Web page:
Tipbit this morning announced new funding, to the tune of $4 million led by Ignition Partners, with plans to add features and boost usage of the app. It's one of many companies, large and small, working on ways to help users combat email overload.
Samsung and Android: A slow breakup on the horizon
The news this week that top Android developer Steve Kondik has left Samsung came just days after Google announced Android creator Andy Rubin was stepping aside to be replaced by the executive who leads Google Chrome.
Despite executive chairman Eric Schmidt’s assurances that the Android and Chrome OSes will “remain separate for a very, very long time,” the replacement of Rubin by Chrome leader Sundar Pichai would seem to indicate otherwise. After all, shouldn’t a full-fledged, incredibly popular OS like Android continue to have one top executive devoted to it? And in the history of businesses, when has something not changed once two previously separate units were put under one leader? Corporations make these moves because they want something to change.
Against this backdrop of uncertainty regarding Android’s future, the departure of Kondik – the founder of the CyanogenMod Android aftermarket firmware and a highly touted hire for Samsung in August 2011 – raises questions about Samsung’s commitment to Android.
This is no small thing. Samsung is the most successful maker of Android phones, by far. The South Korean manufacturer owns 42.5% of the Android market, and Google’s OS was in nearly 70% of the mobile phones shipped in Q4, according to Gartner.
For the world’s No. 1 mobile device manufacturer in terms of units sold – and second behind only Apple in mobile profitability – what possible benefit could come from walking away from the OS driving its successful line of Galaxy devices after nearly doubling market share in one year? It wouldn’t make sense.
Yet Samsung continues to work with Intel on another mobile operating system, called Tizen. Further, while Samsung often has downplayed Android in its marketing pitches, it now essentially no longer publicly acknowledges the OS that runs its top-selling devices.
In an ad campaign for its Samsung for Enterprise (SAFE) security layer launched last week and aimed at the enterprise mobile market – where the company trails far behind Apple – there is no mention of Android.
There was a more high-profile omission on March 14, when Samsung launched the Galaxy S4 smartphone at a glitzy, live-streamed event in New York’s Radio City Music Hall. Altimeter Group mobile analyst Chris Silva was there for the hour-long show.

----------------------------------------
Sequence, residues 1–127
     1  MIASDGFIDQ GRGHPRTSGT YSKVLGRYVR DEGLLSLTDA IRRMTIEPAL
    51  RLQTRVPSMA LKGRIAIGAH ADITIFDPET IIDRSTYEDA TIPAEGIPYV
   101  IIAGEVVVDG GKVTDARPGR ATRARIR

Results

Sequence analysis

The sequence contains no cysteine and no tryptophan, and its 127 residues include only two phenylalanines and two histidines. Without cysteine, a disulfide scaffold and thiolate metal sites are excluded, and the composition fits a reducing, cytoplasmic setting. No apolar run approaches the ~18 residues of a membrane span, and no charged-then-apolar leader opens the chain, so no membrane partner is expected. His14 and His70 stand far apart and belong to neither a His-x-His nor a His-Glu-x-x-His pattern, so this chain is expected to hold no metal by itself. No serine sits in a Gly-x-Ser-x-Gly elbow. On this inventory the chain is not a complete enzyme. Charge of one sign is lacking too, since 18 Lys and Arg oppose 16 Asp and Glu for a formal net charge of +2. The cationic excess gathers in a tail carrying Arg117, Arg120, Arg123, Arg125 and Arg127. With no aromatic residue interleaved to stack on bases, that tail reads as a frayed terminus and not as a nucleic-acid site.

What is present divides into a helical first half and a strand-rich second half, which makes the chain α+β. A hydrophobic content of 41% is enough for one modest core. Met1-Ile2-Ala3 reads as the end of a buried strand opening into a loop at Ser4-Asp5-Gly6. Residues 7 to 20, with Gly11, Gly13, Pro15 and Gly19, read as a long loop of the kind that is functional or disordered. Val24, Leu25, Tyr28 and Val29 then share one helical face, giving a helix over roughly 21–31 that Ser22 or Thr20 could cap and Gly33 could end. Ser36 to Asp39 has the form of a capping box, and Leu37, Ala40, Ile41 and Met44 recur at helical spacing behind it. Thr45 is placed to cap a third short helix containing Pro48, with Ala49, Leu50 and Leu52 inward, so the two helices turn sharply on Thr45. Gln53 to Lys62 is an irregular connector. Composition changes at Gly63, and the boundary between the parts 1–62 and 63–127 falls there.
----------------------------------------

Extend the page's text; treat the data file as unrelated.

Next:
“They didn’t even mention Android until it came up in a slide about the phone’s specs as the audience was walking out,” Silva recalls.
Wharton management professor Saikat Chaudhuri also noticed Android’s absence from the Galaxy S4 launch, concluding that "Samsung is distancing itself from Google and Android."
Distancing, if not ditching. Charles King, principal analyst at Pund-IT, suggests Samsung is patiently biding its time and leveraging its strengths.
"I think that for now Samsung is currently playing two hands at once, gaining from the continuing market uptake of Android devices and also profiting from its continuing work on Tizen," King says.
But while there are rumors that Samsung could ship Tizen-powered devices as soon as this fall, Silva says Tizen is "a long way from getting any sort of wide-scale major adoption by users, outside of a three-year horizon."
"It’s taken Android roughly three or four years to get where it is today in terms of the numbers of users it has and in terms of the prominence it has," Silva says. "In some ways it’s still catching up to iOS. So it’s going to take a lot of time to get to the point where another OS provides viable alternatives."
But Samsung's work with Intel on their joint Linux-based mobile OS has some strong potential upside, King says.
"Tizen could eventually allow Samsung to enjoy the best of three worlds—owning its own unique operating environment, but one (with the help of OpenMobile's Application Compatibility Layer) that is supported on both ARM and Intel silicon that can also run Android apps," King says. "The last point is critical—without Android apps, Tizen’s market opportunities would dwindle appreciably."
"You’ll see Tizen and Android running in parallel until there’s a switch," Silva says. "It’s entirely likely that Samsung will have a line, maybe even a primary line of devices, that will run on Tizen or something different. But they need to gradually get there and bring consumers along with them instead of making a sharp change."
Even though Silva himself noticed Android's absence from the Galaxy S4 event, he doesn't read too much into it.
"Samsung is in the business of selling Samsung devices," he says. "They can’t do that by marketing Android."
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